The role of DNMT3A in cell invasion has been observed in lung cancer. Deletion of DNMT3A promotes tumor progression and enables cells to invade into bronchiole. Remarkably, a pool of genes in charge of cell adhesion and motion is highly expressed in DNMT3A-knockout mice [26]. Therefore, DNMT3A variation may enhance tumor cell invasiveness through altering migrating mechanisms [26]. In our leukemic EMI model, an EMT inducer TWIST1 is highly expressed in OCI-AML3 strains and AML patients’ bone marrow samples because of D3Amuts. EMT occurs in the initiation of metastasis for cancer progression. It enables carcinoma cells to escape cell-cell adhesion and gain migratory phenotype. EMT involvement has been experimentally proven in solid tumors [21]. Recently, a group from Italy reported that EMT-like processes are relevant to acute promyelocytic leukemia development or progression [27]. This result implicates that EMT regulator TWIST1 causes leukemia invasive behavior. Our data further suggest that the aggressive migratory behavior reminiscent of TWIST1 also exists in extramedullary leukemia and could be induced by DNMT3A R882 mutation.

DNMT3A is an epigenetic modifier, and mutation on its catalytic domain can decrease enzymatic activities and affect epigenetic modifications. We analyzed the methylation level of TWIST1 genes in a set of primary AML samples with normal karyotype from the TCGA AML cohort [28]. This set includes 27 and 49 samples with DNMT3A R882 mutations and WT DNMT3A, respectively. Notably, in a region within 500-bp up- and downstream of gene transcriptional start site, R882 mutation group showed hypomethylation (Additional file 1: Figure S7). We suppose that D3Amut may lead to the demethylation of TWIST1 gene, thereby increasing its expression in leukemic cells. Interestingly, SHI-1, a cell line harboring MLL-AF6 translocation derived from an AML-M5 patient, can also invade murine brain [29]. MLL is a histone modifying gene, and MLL rearrangement interferes the normal function of MLL. Therefore, EMI, as one of the features of AML-M4/M5 subtypes, may be partly attributed to epigenetic deregulation.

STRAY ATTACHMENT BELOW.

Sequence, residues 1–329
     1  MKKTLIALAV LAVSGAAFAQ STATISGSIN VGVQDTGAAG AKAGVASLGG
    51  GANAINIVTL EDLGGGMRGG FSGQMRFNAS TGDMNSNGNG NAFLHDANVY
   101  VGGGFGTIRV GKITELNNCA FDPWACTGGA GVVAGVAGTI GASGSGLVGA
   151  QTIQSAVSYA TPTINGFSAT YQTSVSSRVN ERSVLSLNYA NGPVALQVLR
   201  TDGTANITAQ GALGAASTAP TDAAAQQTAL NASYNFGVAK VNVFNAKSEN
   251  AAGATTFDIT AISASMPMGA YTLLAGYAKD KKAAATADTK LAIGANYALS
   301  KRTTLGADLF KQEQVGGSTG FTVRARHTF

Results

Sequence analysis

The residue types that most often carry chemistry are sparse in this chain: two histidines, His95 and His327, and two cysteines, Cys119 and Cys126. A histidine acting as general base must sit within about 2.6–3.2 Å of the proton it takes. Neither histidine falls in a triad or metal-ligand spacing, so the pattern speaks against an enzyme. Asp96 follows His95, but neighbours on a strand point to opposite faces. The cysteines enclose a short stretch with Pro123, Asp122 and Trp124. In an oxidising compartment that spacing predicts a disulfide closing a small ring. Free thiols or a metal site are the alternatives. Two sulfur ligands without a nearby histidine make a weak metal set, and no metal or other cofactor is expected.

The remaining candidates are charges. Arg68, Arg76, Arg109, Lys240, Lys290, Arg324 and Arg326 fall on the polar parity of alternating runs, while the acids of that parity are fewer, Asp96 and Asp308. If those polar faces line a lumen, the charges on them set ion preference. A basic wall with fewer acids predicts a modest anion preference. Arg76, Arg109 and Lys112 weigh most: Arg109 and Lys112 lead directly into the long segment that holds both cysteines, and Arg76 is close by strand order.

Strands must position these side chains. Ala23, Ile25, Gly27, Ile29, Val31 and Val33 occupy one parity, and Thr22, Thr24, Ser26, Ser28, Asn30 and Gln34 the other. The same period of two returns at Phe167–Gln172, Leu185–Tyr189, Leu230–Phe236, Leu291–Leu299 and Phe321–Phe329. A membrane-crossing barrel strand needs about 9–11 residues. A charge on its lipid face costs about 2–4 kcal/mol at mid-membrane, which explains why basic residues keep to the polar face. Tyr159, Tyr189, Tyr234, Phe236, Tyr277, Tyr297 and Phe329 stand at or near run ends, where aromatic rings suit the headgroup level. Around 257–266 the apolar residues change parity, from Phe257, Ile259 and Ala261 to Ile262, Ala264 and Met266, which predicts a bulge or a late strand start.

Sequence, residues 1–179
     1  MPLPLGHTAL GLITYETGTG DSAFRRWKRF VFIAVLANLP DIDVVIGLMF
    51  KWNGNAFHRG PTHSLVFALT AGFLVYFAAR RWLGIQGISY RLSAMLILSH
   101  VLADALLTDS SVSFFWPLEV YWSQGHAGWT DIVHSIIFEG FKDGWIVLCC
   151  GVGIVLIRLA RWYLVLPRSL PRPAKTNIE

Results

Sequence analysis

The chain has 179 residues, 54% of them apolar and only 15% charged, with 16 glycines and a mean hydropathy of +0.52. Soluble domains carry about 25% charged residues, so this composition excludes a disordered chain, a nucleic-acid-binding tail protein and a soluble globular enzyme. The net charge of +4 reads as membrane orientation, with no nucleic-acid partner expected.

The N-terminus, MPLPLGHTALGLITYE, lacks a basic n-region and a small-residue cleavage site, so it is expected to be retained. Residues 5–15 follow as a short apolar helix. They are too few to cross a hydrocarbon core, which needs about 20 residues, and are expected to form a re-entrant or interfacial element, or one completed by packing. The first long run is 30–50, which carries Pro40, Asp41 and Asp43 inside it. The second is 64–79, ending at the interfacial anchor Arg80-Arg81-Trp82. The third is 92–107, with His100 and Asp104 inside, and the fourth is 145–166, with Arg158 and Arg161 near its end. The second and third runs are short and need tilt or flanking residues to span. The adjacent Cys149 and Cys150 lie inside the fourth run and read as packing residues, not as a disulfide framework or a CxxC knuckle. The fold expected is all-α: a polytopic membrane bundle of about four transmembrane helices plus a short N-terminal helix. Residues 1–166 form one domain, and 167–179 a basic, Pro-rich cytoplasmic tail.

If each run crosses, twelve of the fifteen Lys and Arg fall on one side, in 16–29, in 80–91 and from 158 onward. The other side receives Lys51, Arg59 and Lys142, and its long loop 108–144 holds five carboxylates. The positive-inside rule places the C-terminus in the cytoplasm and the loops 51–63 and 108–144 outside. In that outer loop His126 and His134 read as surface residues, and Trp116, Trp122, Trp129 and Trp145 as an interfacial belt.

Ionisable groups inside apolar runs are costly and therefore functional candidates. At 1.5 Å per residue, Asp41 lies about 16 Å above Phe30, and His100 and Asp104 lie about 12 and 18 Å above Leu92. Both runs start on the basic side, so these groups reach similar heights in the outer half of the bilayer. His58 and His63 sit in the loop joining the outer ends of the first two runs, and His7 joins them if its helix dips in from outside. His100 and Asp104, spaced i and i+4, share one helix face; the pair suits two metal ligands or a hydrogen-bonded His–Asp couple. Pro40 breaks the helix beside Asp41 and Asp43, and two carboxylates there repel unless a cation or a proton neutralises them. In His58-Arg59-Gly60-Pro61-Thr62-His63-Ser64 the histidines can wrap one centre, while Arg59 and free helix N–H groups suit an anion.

EMI is one of the reasons for the relapsed and refractory AML. Clinical studies have demonstrated that cells bearing DNMT3A mutant are resistant to conventional chemotherapy but sensitive to high-dose of daunorubicin-based regimen [30, 31]. We suppose that dose-escalated therapy might be useful for clearance of DNMT3A mutated cells, thus disrupting cell mobility. Importantly, in our assays, abrogation of DNMT3A mutant or TWIST1 in leukemic cells reveals an anti-infiltration effect, thereby providing a possible theoretical basis for clinical transformation.

Conclusions